[0009] According to one aspect of the present invention, a tiller assembly includes a tine assembly that is rotatably connected to a tiller body. The tine assembly has at least one tine for use in tilling associated soil. The tiller assembly also includes a hydraulic system that is operatively connected to the tine assembly. The hydraulic system includes a hydraulic pump, a hydraulic motor used to rotate the tine assembly in first and second directions, a control valve, and hydraulic fluid communication means for use in communicating hydraulic fluid between the hydraulic pump, hydraulic motor, and the control valve. The control valve is positionable on-the-go into first and second positions. The tine assembly rotates in the first direction when the control valve is positioned into the first position and the tine assembly rotates in the second direction when the control valve is positioned into the second position.

[0010] According to another aspect of this invention, a tiller assembly includes a tine assembly as well as a roller assembly. The roller assembly includes a roller frame that is pivotably connected to the tiller body, a roller that is rotatably connected to the roller frame, and biasing means for use in maintaining the roller against the associated soil. The roller includes a contact surface for use in repacking the soil once it has been tilled. The biasing permits the roller frame to move with respect to the tiller body.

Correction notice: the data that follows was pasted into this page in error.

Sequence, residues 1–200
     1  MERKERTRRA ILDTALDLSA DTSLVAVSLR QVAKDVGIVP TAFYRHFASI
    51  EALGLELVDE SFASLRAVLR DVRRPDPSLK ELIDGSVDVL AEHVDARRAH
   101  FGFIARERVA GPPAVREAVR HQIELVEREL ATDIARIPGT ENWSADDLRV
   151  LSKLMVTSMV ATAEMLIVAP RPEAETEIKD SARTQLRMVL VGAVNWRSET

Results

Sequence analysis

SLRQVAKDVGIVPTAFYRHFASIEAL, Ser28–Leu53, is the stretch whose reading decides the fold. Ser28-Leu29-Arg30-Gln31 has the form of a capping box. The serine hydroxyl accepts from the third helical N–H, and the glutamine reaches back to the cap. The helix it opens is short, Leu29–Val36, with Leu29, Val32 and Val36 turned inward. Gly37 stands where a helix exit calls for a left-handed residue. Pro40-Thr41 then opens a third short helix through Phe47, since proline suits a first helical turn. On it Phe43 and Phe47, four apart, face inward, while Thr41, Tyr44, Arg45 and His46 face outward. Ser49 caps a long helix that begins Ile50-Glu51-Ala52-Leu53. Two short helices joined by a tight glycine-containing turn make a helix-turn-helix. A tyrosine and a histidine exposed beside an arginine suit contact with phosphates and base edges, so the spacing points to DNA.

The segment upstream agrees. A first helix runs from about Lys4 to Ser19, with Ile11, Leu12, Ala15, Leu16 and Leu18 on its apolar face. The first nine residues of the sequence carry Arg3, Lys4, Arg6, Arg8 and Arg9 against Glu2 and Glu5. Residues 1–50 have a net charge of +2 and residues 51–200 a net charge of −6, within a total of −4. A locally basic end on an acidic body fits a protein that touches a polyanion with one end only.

[0011] One advantage of the present invention is that an operator can easily change the rotational direction of a dual direction tiller on-the-go from an operator seat.

[0012] Another advantage of the present invention is that a separate roller is free to move relative to the tiller thereby maintaining the tiller tines in contact with the soil when the roller is in contact with a large obstacle.